When the Martians landed

From the archives: Craig Raine and the birth of Martian poetry.

During the late 1970s the New Statesman hosted a small but influential revolution in poetry. 1977’s arable final issue bore three new poems from Craig Raine: A Martian Sends a Postcard Home, The Fair in St. Giles and Karma. These poems are flush enactments of ‘defamiliarisation’; that is, poetic language which ‘re-sees’ the world by finding fresh ways to describe it. A kind of pitch-perfect atonality marks the demented Imagism of Raine’s poems. And they are both delighted and disdainful, at once offering ludic pleasure while scalding used thinking and standardised writing (what Martin Amis called “clichés of the pen...clichés of the mind and clichés of the heart”). In defiance of such things, here, from A Martian Sends a Postcard Home, is a telephone:

      In homes, a haunted apparatus sleeps,
      that snores when you pick it up.

      If the ghost cries, they carry it
      to their lips and soothe it to sleep

      with sounds. And yet, they wake it up
      deliberately, by tickling with a finger.

And a few couplets later, the Martian reports an odd ritual:

      Only the young are allowed to suffer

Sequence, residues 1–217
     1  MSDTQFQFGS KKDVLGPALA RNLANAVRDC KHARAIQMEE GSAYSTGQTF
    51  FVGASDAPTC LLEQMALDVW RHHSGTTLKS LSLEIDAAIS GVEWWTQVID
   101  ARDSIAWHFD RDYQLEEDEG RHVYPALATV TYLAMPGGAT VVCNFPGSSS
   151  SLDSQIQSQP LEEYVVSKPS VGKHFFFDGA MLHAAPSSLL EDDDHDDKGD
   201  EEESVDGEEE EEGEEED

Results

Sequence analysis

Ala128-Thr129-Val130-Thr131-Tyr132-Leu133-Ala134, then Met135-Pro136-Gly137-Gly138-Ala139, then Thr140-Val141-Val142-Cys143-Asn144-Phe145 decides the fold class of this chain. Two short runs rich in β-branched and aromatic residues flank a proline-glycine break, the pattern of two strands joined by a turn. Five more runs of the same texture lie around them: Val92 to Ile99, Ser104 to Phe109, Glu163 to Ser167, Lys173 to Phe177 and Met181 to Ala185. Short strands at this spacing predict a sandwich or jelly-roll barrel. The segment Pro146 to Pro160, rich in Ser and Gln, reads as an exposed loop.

openly. Adults go to a punishment room

      with water but nothing to eat.
      They lock the door and suffer the noises

      alone. No one is exempt
      and everyone's pain has a different smell.

Followed by the Martian’s interpretation of the strange things we humans call sleeping and dreaming:

      At night, when all the colours die,
      they hide in pairs

      and read about themselves --
      in colour, with their eyelids shut.

Raine wishes to make land-fill of recycled language (and he's been dumping for years: while editing Ian McEwan's manuscripts he would scribble FLF ("flickering log fires") whenever he came across a cliché). There is a pedagogical edge to this poem too, as if Raine is demonstrating what can be done, and presenting a prototype. But there is more than cold technique (if technique is ever cold) in these sympathetic, affectionate poems. As Andrew Motion wrote in a 1979 edition of the New Statesman, Raine’s metaphors are “a method of realising and releasing emotion...Poem after poem registers a deep affection for what he sees”. “His way of looking,” Motion concludes, “is also a way of baring his heart.”

The Fair in St. Giles and Karma, which are free from the exemplary bent of the Postcard, contain carnal grotesqueries, like a stripper who sports “a bird’s nest under each arm”, and a soliloquising man dressed in black whose “nose [is] a terrible thimble”. Karma’s pastoral scene is animated and impishly mobilised:

      Rubbish smokes at the end of the garden

      cracking its knuckles to pass the time.


      ...and a naughty wind has blown

      the dress of each tulip

      over its head.

In October 1978 James Fenton, then editorial assistant of the New Statesman, judged its Prudence Farmer poetry award. Fenton entitled his article “Of the Martian School”, thereby giving the movement its name. He wrote that the only dilemma he faced was which of Raine’s poems to choose. The style, evident also in his journalism, was too marked to ignore: